India continually has been setting records in cases — with a high 37,407.

The second-most populous country in the world had 1,223 deaths on May 1.

Mainland China, the most populous country, has reported only a few new cases daily, mostly contracted from outside the country, including 16 Sunday.

Urumqi, the capital of China’s far western region of Xinjiang with 3.5 million people, has been under lockdown since Thursday after the first case in 150 days was reported. On Friday, 17 more cases reported since Thursday and another 11 through Saturday.

Outside mainland China, Hong Kong has recorded its highest one-day increase in cases since the pandemic began, 108, including 83 local and 25 imported. The territory’s Chief Executive Carrie Lam announced new restrictions to contain the spread.

In all, Hong Kong has reported 1,777 confirmed cases and 12 deaths with a population of 7.45 million, according to China’s Health Ministry.

Japan also has reported a spike in cases. On Saturday, it reported 660 cases — the highest since April 11 — with 290 in Tokyo.

Last week, Hong Kong Disneyland was shut down again. The nation’s death toll is 985 with no increase Saturday.

South Korea also has kept its death count down — 294 with one reported Sunday — through widespread testing. In all, the nation has reported 13,711 cases, including 39 more Sunday.

Europe has experienced a drastic reduction in cases and deaths. In all Europe has had nearly 200,000 deaths — 198,889 — and 2.65 million cases

On Saturday, the nations reported only 12,696 cases and 273 deaths, including 40 in Britain, 5 in Belgium and 2 in Germany. Spain and France didn’t report any data over the weekend.

Britain’s daily high was 1,172 and 919 in Italy.

On Sunday, Britain reported 9 deaths.

Prime Minister Boris Johnson announced Saturday it is his “strong and sincere hope that we will be able to review the outstanding restrictions and allow a more significant return to normality from November at the earliest – possibly in time for Christmas.”

On Aug 1, companies would have the discretion to bring staff back to the office, in a move that would “give people hope and give businesses confidence.”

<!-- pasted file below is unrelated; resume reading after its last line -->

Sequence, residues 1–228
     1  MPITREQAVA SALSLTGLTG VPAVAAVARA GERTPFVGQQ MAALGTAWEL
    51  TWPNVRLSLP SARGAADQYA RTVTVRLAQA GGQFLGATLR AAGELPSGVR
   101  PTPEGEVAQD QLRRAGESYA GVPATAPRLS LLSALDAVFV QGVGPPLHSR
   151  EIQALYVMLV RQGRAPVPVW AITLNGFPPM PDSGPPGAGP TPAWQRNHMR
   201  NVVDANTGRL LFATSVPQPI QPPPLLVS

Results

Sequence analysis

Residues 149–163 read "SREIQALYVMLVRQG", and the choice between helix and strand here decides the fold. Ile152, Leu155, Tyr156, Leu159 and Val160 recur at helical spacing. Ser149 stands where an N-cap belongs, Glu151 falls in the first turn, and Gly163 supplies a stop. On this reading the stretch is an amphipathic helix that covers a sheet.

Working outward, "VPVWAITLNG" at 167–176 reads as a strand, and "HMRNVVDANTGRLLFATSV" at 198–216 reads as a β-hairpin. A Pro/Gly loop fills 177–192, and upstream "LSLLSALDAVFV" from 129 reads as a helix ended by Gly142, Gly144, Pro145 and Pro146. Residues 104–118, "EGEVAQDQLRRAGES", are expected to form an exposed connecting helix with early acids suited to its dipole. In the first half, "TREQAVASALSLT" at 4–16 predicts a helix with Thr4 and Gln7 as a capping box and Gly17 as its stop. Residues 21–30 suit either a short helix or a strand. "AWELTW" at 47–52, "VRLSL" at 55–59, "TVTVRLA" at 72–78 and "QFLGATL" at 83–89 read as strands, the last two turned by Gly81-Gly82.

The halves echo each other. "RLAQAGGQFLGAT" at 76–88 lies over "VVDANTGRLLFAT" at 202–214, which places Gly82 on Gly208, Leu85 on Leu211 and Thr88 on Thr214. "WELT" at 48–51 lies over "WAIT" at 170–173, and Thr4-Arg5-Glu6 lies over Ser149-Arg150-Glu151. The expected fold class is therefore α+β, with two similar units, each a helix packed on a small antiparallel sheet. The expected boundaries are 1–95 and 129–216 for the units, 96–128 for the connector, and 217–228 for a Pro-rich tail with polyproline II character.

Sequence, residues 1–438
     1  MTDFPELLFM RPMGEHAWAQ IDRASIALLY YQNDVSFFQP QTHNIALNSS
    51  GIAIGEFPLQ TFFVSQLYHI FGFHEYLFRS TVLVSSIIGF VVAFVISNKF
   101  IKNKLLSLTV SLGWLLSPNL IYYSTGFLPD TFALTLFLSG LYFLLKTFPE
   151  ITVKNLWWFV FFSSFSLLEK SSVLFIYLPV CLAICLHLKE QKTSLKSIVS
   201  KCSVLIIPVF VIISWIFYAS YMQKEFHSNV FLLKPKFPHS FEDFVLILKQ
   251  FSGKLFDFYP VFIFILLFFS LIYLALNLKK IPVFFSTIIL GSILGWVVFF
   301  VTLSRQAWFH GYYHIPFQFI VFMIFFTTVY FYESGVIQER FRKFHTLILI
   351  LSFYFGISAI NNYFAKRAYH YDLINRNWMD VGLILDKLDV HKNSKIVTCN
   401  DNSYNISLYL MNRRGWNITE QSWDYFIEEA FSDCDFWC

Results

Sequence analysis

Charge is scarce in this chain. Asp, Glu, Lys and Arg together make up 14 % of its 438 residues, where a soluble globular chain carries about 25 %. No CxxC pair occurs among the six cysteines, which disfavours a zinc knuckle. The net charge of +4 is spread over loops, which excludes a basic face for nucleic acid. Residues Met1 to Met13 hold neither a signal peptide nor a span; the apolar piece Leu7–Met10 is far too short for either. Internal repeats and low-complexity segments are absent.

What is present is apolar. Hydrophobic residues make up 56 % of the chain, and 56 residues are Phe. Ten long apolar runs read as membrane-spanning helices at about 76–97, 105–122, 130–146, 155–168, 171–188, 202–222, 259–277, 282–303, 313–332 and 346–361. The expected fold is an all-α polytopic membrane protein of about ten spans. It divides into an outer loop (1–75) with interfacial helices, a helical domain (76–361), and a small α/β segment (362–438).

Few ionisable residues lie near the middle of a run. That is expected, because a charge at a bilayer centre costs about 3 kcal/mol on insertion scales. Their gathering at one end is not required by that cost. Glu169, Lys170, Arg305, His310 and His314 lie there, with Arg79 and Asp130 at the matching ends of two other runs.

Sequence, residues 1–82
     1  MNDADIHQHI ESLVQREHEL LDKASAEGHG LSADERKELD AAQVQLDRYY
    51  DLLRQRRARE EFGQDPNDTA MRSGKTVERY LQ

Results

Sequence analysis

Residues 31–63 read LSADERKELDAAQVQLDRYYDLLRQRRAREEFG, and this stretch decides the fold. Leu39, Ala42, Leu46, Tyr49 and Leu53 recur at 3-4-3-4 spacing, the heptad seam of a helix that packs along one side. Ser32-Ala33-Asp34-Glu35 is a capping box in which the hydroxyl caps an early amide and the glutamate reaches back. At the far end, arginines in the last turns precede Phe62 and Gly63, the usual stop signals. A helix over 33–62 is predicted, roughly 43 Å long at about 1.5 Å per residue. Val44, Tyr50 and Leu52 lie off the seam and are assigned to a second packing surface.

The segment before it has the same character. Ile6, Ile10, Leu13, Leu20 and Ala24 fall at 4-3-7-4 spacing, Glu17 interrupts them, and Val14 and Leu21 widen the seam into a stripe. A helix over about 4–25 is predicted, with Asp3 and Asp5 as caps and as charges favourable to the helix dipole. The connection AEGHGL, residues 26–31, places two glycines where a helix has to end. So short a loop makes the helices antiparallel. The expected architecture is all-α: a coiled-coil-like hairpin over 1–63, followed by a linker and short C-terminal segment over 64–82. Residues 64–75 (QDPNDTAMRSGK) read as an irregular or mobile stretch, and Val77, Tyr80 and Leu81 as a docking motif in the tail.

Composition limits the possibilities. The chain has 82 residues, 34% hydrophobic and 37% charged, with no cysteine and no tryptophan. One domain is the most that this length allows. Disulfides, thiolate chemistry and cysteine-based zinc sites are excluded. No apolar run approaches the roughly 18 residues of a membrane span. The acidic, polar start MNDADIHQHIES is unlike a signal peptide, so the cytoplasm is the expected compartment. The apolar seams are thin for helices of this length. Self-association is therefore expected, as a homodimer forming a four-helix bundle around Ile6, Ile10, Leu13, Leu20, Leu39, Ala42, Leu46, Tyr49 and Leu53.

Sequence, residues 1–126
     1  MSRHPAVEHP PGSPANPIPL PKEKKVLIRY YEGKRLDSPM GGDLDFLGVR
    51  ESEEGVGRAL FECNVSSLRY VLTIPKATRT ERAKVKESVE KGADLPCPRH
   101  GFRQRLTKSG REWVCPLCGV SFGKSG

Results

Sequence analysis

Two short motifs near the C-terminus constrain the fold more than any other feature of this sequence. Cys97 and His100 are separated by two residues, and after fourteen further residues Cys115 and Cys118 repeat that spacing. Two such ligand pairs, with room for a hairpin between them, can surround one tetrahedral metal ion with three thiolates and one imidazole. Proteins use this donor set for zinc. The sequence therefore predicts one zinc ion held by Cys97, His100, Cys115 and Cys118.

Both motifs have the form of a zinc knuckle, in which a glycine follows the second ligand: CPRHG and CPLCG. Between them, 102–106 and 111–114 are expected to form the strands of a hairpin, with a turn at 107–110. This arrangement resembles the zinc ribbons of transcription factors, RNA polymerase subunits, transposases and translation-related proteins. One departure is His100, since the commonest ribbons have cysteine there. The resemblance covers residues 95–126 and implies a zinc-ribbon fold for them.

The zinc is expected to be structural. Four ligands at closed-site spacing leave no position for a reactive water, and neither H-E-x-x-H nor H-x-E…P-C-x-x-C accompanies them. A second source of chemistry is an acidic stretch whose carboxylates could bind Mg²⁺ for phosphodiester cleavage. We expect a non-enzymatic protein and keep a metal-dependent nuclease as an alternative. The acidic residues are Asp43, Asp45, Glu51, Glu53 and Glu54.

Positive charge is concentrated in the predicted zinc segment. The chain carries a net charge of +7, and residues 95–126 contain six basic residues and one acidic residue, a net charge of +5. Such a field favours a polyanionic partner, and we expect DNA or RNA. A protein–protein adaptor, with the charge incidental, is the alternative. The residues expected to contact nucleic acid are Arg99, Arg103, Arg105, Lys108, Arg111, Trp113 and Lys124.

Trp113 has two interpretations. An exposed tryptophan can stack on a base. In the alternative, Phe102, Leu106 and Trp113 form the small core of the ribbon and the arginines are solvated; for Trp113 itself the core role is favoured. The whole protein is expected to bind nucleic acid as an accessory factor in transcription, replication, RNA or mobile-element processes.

But Chief medical officer Chris Whitty told a House of Lords committee: “Distancing remains an important part of this mix and how it is interpreted in different environments has evolved, but it has not gone away. [It] needs to continue for a long period of time.”

France’s Prime Minister Jean Castex announced Saturday masks will be made mandatory in closed public spaces starting this week after a rise in infections over the last weeks. French President Emmanuel Macron originally announced the mandate would start Aug. 1.

In Oceania, there have been 122 deaths in Australia and 22 in New Zealand. In one week, Australia’s toll has increased by 14.

Victoria recorded 636 new virus infections and three more deaths Sunday. Premier Daniel Andrews announced masks would be mandatory in Melbourne and the Mitchell Shire starting Wednesday night.

“I wouldn’t call wearing a mask as an alternative, I’d call it a really important additional measure,” Brett Sutton, the state’s chief health officer, said Sunday. “It is something that can potentially avoid needing to go to different restrictions. We should do it, it’s going to be a benefit.”

New Zealand’s last fatality was on May 28.

Deaths continue to surge in Africa, going from 5,215 six weeks ago to 14,996, including 279 Saturday. South Africa leads with 4,948, including 144 more Sunday, followed by Egypt with 4,259, including a rise of 63.